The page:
Valuing Water for Sustainable Development in Pakistan

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Dr Mohsin Hafeez

A global celebration of water happens every year on 22nd March on the eve of World Water Day as suggested by UNCED in 1992. The objective to celebrate World Water Day is to highlight the significance of this fresh resource in different dimensions of our daily life. Every year, a specific theme of World Water Day is decided. For the year 2021, the World Water Day theme is Valuing Water. The value of water cannot be defined by its price due to its complex, tremendous and multidimensional value whether it is economically, socially, culturally, or for the integrity of our natural environment. We cannot ignore any of these values which are well recognized in Sustainable Development Goal 6: water and sanitation for all by 2030.

The government of Pakistan (GoP) is considering water as a strategic resource as water security is linked to food security and thus to the security of Pakistan. For valuing water, the GoP has developed a National Water Policy (NWP) in 2018 with seven key principles and strategic priorities including Conservation and Efficiency, Storage, Leveraging Technology, Renewable Energy, Integrated Water Resources Management (IWRM), Comprehensive Regulatory Framework, and Planning Principles. This policy provides an overall framework and guidelines for a comprehensive plan of action leading to the development of sustainable solutions for valuing the water. The GoP has already made good solid progress in achieving few key principles set in the NWP. For example, the GoP is going to build two new water dams (Mohmand and Basha) that are very well aligned with the NWP priority. To comply with the NWP, all four provinces are working on developing the provincial water acts. For example, Punjab and KP provinces already approved the Punjab Water Act, 2019 and KP Water Act, 2020, respectively.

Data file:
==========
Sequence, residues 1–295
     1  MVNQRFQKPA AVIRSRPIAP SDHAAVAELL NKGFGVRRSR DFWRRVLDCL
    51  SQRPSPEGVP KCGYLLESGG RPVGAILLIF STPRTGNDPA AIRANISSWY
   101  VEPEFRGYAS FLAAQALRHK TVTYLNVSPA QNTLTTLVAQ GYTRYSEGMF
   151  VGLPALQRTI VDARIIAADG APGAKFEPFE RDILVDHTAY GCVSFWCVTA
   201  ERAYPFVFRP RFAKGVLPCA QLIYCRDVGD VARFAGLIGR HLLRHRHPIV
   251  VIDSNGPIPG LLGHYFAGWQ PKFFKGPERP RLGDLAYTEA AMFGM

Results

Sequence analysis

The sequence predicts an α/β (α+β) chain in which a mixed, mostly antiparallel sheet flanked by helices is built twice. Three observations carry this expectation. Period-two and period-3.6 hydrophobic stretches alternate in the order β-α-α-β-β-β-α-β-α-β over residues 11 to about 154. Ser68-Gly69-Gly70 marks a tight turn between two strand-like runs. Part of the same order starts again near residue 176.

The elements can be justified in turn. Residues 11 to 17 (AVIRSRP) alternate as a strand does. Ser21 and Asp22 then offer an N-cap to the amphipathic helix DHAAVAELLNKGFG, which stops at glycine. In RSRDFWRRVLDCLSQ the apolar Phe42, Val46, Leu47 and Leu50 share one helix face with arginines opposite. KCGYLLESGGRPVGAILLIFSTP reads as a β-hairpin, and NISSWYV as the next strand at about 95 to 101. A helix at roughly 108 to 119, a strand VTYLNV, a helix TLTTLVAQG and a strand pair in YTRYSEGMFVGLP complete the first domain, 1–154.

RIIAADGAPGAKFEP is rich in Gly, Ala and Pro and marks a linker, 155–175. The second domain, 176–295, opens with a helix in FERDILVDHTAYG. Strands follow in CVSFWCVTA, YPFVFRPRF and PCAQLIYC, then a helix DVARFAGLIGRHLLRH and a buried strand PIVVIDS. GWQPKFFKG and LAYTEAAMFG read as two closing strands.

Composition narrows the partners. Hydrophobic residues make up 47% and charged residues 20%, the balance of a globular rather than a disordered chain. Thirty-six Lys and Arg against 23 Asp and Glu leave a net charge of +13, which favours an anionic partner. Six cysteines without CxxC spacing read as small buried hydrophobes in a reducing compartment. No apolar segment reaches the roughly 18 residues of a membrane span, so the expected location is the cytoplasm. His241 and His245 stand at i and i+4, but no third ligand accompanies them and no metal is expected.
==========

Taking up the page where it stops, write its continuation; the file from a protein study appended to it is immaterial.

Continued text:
NWP, 2018 has established nine relative priorities of water uses for multi-sectors (drinking and sanitation, irrigation, livestock, fisheries and wildlife, hydropower, industry, and environment, etc.,) Water Resources Commissions, as proposed in Punjab and KP Water Acts, will be allocating water to different users based on the above-mentioned priorities. This is already a key step to value the water for different sectors.

However, one of the biggest water sectors challenges to value water based on NWP priorities will be a lack of evidence-based accurate information at the Indus Basin scale. For example, more than 90% of water use has been reported for the agriculture sector in Pakistan but these numbers are not reliable and accurate due to the lack of any scientific study at the Pakistan level. Similarly, there is no reliable information on the amount of water used for livestock and domestic, industry, commercial, and environmental sectors across Pakistan.

Another key water management challenge is poor governance of groundwater resources in the Indus basin. The groundwater has played a major role in augmenting 60% of irrigation supplies through privately installed more than 1.5 million tube-wells for crop production in the basin. Several research studies have been carried out in bits and pieces to collect groundwater information at spatial scales. Groundwater levels and water quality vary during the irrigation and monsoon season across the basin. As a result, there is little credible scientific information available on groundwater monitoring (quantity and quality), database development (tube well mapping), regulation, and management at the Indus Basin scale. The NWP also highlighted that there is a need to develop a national planning database of water, weather, and climate at the Indus Basin Level.

The Government of Pakistan aspires to become one of the 10 largest economies in the world by 2047. Given the importance of water to Pakistan’s economy, valuing water for different users will be essential to realizing this goal. Therefore, there is a dire need to carry out water accounting and water resources assessment for assessing water availability and consumption for agriculture, industry, domestic, and environmental sectors within the basin and outside of the Indus basin. The developed baseline of water accounting and water resources assessment will provide comprehensive, consistent, reliable, and accurate information which can be used by the Water Resources Commissions on water distribution, storage, availability, and use across multiple scales that will be fundamental for developing future investments plans in the water sector for Indus basin. This will also lead to achieving the true value of water thus can expedite peace and prosperity in Pakistan.

 

The author is a Country Representative for International Water Management Institute (IWMI) in Pakistan. The views and opinions expressed here are those of the author and not those of IWMI. He can be reached at [email protected]